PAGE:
The House of David

"dawnbreak in the west"

Saturday, July 02, 2011

Delator rule


In 1866, Federal agents got themselves ensconced in many Texan cities. Ramsdell deals with this in pp. 129ff. When governor Throckmorton failed to enforce the Congress's imperium over Texas, the figurehead whom Congress chose in his place was one EM Pease.

Pease had been governor before Sam Houston: two terms, two years each. Ramsdell thought he did well at it. In 1866 Pease had gone for another election, which he lost to the (slightly) more conservative Throckmorton. Then Pease went to DC. After the army booted Throckmorton out, Pease came back installed into "power". Ramsdell Chapter VIII / 171f sees through "Pease's" administration as "Radical-Military Rule".

There's a street named after Pease in Houston's downtown. I like to think, this is more for his pre-Civil-War governorship, than for his sham-governorship later.

Ramsdell prefers Throckmorton but does give Pease, personally, some slack. I expect creatures like this to return bitter and vengeful and misanthropic; I know the example of Justinian II. I'm sure that Ramsdell would have loved to tell the tale of the governor out of the 1850s, 15 years on and undead and ravenous for braaaaains. But, Ramsdell couldn't, because Pease wasn't.

But really, what either of these two wanted, didn't matter much. The Federal military was in charge. The pattern under military rule was that local juries would nab a perp, and then some agent or military troop would saunter in and get him off. Kinda like... Seattle.

There's a harrowing account of Victoria (been there! it is hardly a cotton-belt town; it approaches South Texas down the 59). This happened under Throckmorton:

The negro troops stationed there under the lax command of a Captain Spaulding had taken control of the county jail and rendered it impossible for the civil authorities to keep a negro or Northern man confined there, no matter what his offense had been. ... the town was terrorized.

Then there's the account of Myrta Lockett Avary in Dixie after the war. Texas barely counts as Dixie and so Avary doesn't devote much space to it. But there was one event she had to treat as a "signal instance", in page 215:

The Bureau became the negro's partner in crime, as when its officials demanded at one time of Governor Throckmorton, of Texas, pardon and release of two hundred and twenty-seven negroes from the penitentiary, some of whom had been confined for burglary, arson, rape, murder.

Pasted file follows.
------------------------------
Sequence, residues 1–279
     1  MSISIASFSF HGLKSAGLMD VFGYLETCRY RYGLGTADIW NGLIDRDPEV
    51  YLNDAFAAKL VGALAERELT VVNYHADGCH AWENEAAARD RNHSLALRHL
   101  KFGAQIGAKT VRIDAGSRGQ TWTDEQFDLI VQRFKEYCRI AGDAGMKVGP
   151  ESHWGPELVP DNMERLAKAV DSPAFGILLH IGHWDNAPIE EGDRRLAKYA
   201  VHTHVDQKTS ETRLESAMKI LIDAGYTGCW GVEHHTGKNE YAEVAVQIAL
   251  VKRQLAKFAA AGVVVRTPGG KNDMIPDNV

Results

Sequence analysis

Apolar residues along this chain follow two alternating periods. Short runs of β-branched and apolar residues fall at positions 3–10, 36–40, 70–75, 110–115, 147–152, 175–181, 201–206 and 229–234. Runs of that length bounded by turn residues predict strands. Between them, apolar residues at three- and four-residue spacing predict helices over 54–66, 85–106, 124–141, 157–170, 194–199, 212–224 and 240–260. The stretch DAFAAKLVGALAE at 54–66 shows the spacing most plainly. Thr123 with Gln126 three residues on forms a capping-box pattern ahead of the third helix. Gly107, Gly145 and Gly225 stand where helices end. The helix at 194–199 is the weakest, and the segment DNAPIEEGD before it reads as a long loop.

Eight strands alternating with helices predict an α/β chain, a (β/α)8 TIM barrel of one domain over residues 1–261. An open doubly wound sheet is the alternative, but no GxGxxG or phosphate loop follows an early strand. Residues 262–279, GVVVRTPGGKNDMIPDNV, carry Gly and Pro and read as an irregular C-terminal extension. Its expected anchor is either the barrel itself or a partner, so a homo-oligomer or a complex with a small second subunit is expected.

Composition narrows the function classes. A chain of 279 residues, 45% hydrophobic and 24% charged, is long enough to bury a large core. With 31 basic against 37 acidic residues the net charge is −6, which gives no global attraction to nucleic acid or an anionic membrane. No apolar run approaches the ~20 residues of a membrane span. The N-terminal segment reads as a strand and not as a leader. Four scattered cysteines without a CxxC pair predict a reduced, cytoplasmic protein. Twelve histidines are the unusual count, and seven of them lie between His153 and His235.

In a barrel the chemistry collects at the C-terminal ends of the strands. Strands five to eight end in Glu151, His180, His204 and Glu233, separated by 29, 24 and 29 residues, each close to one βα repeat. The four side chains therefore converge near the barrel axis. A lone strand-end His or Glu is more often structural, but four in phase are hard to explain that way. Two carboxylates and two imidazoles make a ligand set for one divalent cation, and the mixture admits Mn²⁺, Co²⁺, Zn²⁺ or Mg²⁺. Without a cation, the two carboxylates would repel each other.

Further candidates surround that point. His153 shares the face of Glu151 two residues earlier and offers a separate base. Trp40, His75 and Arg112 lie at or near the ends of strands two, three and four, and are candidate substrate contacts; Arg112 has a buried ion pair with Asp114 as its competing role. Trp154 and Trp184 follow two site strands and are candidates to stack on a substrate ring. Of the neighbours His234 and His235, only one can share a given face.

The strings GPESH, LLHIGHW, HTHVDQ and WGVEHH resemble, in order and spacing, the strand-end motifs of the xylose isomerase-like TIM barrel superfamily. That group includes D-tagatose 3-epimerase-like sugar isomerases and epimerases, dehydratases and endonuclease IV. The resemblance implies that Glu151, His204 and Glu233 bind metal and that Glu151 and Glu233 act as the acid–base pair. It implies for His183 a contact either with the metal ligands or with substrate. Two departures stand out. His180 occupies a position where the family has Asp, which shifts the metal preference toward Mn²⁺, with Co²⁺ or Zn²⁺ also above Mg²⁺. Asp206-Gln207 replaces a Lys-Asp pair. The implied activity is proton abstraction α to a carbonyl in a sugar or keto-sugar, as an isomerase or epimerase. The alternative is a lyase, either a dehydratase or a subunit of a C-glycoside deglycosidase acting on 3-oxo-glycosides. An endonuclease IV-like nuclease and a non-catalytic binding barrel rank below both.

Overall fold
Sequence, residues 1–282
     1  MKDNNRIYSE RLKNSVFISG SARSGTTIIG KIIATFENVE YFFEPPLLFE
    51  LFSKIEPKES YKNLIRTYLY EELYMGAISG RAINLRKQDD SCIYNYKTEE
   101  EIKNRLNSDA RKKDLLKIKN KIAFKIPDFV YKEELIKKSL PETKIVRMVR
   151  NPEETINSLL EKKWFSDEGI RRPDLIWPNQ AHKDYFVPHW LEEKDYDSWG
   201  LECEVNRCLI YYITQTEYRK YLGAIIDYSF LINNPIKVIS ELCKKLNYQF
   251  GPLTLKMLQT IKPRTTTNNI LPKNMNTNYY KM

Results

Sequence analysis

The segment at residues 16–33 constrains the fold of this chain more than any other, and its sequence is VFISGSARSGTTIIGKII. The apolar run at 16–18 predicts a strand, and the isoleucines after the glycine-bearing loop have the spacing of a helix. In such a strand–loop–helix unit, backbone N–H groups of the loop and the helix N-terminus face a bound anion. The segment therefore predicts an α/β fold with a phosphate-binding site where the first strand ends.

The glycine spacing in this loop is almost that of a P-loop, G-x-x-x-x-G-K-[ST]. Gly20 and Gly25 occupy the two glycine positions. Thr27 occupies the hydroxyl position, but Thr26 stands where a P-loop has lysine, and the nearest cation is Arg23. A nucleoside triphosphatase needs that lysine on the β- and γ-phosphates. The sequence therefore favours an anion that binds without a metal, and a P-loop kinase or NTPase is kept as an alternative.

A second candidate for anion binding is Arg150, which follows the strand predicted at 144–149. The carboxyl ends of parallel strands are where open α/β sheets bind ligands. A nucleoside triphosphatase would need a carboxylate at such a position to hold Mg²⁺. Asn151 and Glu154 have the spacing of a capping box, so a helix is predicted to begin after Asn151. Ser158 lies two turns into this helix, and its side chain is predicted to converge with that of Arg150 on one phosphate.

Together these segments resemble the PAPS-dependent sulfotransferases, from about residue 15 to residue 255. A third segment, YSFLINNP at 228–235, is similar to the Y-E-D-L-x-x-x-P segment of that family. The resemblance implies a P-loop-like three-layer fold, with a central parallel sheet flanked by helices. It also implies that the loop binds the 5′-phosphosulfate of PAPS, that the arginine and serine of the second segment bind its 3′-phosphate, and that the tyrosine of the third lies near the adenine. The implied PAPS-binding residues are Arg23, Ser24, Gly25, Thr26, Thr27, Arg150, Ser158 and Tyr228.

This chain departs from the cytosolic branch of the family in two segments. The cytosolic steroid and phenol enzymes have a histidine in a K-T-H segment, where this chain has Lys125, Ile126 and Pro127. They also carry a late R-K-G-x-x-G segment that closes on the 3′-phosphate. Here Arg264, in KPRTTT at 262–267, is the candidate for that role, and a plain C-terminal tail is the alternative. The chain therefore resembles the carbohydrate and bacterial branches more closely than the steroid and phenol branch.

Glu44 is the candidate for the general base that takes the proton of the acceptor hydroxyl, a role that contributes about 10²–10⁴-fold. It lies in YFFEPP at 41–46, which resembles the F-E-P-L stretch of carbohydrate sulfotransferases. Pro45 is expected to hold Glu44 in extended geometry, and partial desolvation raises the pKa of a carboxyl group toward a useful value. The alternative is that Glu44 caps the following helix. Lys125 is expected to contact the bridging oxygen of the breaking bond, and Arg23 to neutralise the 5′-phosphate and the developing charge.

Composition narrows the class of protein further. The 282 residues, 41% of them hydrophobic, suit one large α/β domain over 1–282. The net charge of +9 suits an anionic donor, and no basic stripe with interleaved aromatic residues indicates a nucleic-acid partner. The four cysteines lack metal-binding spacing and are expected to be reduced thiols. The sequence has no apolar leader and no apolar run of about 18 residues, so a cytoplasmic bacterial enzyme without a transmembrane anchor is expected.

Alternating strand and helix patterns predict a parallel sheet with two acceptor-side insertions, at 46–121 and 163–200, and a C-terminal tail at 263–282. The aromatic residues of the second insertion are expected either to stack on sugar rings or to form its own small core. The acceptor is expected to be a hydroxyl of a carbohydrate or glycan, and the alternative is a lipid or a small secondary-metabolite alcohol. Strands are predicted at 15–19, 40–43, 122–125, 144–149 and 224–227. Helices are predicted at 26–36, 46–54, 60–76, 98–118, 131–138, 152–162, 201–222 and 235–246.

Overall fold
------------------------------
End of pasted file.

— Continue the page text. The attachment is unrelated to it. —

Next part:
It would be nice to have more records - but somehow "court records and papers were seized and destroyed or mutilated". This happened at Lockhart (a town I don't know) and Seguin (been there too! same region as Victoria... more Escarpment, less Gulf Coast I suppose). Ramsdell strongly implies it was the US military who did it.

Under Pease, the local "Unionists" - that is, opportunistic villains - "overwhelmed" Pease "with petitions, not always for offices already vacant, but more frequently for the removal of officials of 'rebel' or anti-Congressional proclivities". If they didn't get their goodies from Pease, they had other links in the chain to pull on. Ramsdell calls out General JJ Reynolds in this context as being notably bad (p. 175).

Among the white "proUnion" criminals, at least, several of them were not proUnion when it mattered - during the war - but claimed to be so now, so as to get sympathy from Texas's real masters at this time, the Federal agents. Andrew Ward in The Slaves' War, 261, records freedman Henry Clay Bruce: that his former master lost his possessions to thieves dressed as Union soldiery. Bruce and his master seem to have agreed that the thief was an impostor. This isn't even in Texas. If this were a Rebel meme; then it was very early, widespread, and consistent.

Ramsdell points out that in this atmosphere of paranoia, finding loyalists to staff essential posts was really, really hard. This might not seem intuitive. Texas wasn't Mississippi; Texas really did have loyalists. Texas was arguably almost all loyalist up to Harper's Ferry and even by 1865 it had retained many - mostly Germans. What Texas was short of, and certainly by 1867, were loyalists to Reconstruction. Fending off hoboes, "proUnion" crooks, and uniformed rapists for a couple years kinda does that to a people. So the state got staffed by... whoever sucked up hardest.

In any authoritarian system, one can expect people to take that opportunity to beg for scraps and to settle old scores. Octavian, too, had his "delators" and his lists of "proscription". Or, just ask any of us who got out of LGF - we'll give you earfuls.


posted by Zimri on 19:45 | link | 0 comments

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